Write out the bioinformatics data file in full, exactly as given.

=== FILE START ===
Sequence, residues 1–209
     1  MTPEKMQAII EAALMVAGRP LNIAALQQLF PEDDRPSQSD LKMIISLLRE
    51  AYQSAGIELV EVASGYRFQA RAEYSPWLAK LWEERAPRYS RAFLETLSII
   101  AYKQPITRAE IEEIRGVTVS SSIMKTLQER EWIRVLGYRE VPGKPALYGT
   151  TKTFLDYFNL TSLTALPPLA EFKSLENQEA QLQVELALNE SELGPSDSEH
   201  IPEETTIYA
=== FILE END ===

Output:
Sequence, residues 1–209
     1  MTPEKMQAII EAALMVAGRP LNIAALQQLF PEDDRPSQSD LKMIISLLRE
    51  AYQSAGIELV EVASGYRFQA RAEYSPWLAK LWEERAPRYS RAFLETLSII
   101  AYKQPITRAE IEEIRGVTVS SSIMKTLQER EWIRVLGYRE VPGKPALYGT
   151  TKTFLDYFNL TSLTALPPLA EFKSLENQEA QLQVELALNE SELGPSDSEH
   201  IPEETTIYA